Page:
The first example (String Quartet) may work with a montage in an indy film. The second example (Choir) could be the aftermath of a giant emotional climax in a space scifi film. The final example (String Orchestra) could be used in a war film, for example like it was in actuality in Platoon.

  It is for reasons like these that I as a composer tend to merge my compositional process with my orchestration process, where as another composer may hire an orchestrator to flesh out an entire idea for them in this domain. Orchestrators can always serve us well in that they are vital to the transfer of concepts from composer to ensemble in the next part of the process, Recording.

Recording / Conducting / Musicians:
    In Hollywood, musicians are often given music to be interpretted by sight reading, meaning that they are to be able to channel the music that arrives on their stand the day of the session after having never seen it before. (Imagine an actor having to do this!) Composers sometimes can hire them for rehersals or give them parts ahead of time to ensure they get to practice something and be prepared. I would always advocate for the latter if the situation calls for it, as the fulfillment of having musicians be challenged and enjoy the music they are playing often merits a better overall musical score.

    A conductor’s job is to best guide the ensemble to channel the music that has been written to the closest possible intention of the composer. In classical settings we see this as a wide topic of preference when navigating works, and in film, a conductor can serve as a major tool to providing options for the film maker in terms of emotional and timing preference. On a recent short film, I conducted a string quartet in multiple different tempo settings to make sure that I had options for when I wanted to sync the music to the picture. The options can be observed aside:


Conductor’s Interpretations:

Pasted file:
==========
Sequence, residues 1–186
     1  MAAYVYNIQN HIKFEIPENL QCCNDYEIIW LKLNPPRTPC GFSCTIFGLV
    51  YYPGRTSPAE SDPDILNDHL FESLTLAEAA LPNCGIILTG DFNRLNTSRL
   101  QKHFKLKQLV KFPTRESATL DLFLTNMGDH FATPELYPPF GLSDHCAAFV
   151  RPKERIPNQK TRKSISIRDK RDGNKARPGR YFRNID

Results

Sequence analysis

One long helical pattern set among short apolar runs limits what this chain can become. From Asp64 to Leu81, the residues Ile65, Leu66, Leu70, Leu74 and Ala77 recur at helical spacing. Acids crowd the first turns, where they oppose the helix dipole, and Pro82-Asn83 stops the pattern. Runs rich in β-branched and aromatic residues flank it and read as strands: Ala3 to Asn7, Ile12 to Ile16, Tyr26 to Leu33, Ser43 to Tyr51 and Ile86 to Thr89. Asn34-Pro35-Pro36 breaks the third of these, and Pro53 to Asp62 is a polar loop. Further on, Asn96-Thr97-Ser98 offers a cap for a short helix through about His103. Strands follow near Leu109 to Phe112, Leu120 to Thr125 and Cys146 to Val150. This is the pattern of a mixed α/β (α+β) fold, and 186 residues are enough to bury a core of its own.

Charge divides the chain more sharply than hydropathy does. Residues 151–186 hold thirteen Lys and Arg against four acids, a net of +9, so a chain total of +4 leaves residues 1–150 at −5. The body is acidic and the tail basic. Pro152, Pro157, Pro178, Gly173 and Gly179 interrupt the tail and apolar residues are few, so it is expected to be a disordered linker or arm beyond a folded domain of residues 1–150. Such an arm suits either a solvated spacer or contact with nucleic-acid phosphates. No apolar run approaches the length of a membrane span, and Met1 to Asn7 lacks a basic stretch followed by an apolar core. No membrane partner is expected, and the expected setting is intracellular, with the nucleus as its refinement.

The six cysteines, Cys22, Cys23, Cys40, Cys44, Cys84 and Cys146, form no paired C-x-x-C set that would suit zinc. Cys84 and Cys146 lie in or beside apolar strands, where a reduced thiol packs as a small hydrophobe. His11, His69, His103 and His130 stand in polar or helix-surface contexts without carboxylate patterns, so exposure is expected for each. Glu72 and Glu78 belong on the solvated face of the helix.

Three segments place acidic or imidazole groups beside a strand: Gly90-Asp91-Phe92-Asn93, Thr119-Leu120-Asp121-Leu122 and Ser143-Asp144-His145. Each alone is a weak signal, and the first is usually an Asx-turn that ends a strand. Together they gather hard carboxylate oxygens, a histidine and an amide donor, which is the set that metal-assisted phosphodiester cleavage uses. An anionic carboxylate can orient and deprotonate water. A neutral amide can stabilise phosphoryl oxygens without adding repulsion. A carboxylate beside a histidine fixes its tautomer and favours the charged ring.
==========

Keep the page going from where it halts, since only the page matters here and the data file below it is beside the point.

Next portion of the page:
1.)

2.)

Recording / Mixing / Mastering
The recording process typically takes place on a scoring stage( a huge well acoustically treated room designed for large ensembles) or in smaller rooms for smaller ensembles. After all of the music is recorded, the composer then works with the mix engineer/score mixer to dial in the best possible production  of the music. Once achieved, the music editor or composer will piece the score back into the film.



Summary:

In today’s industry for scoring, it is not uncommon for emerging composers to familiarize themselves with this entire process individually, and as we work our way up to higher budgeted projects, these duties are divvied up across these multiple departments. 

Basic Musical Glossary:

Harmony- The relationship between 2 or more tones sounding in simultaneous occurence. The measuring of relationship between tones relative to a single vertical point or line. Key words: polyphony, chord progression, chords, diads, triads, seventh chords, polyphonic.
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Rhythm- The interval of measurement of horizontal occurence of sound in succession overtime. (Think of a drum groove) 
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Melody- The arrangment of tones in a singular fasion, where each successive note preceeding the last formulates a memorizable relationship.
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Timbre- The characteristic in which describes what something sounds ‘like’. Example: The timbre of a violin is different than a clarinet.
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Tessitura or Range- The range in which is considered for a sonic arrangement. If I wrote a song for Beyonce’s voice, I would be considering a different tessitura or range than if I wrote a song for Pavarotti’s voice. In film, I may choose a different tessitura for dialogue than for action.
Crescendo- Raise in intensity or loudness in a musical segment.

Decrescendo- Lower in intensity or loudness in a musical segment.


©Copyright Tim Schmalz 2017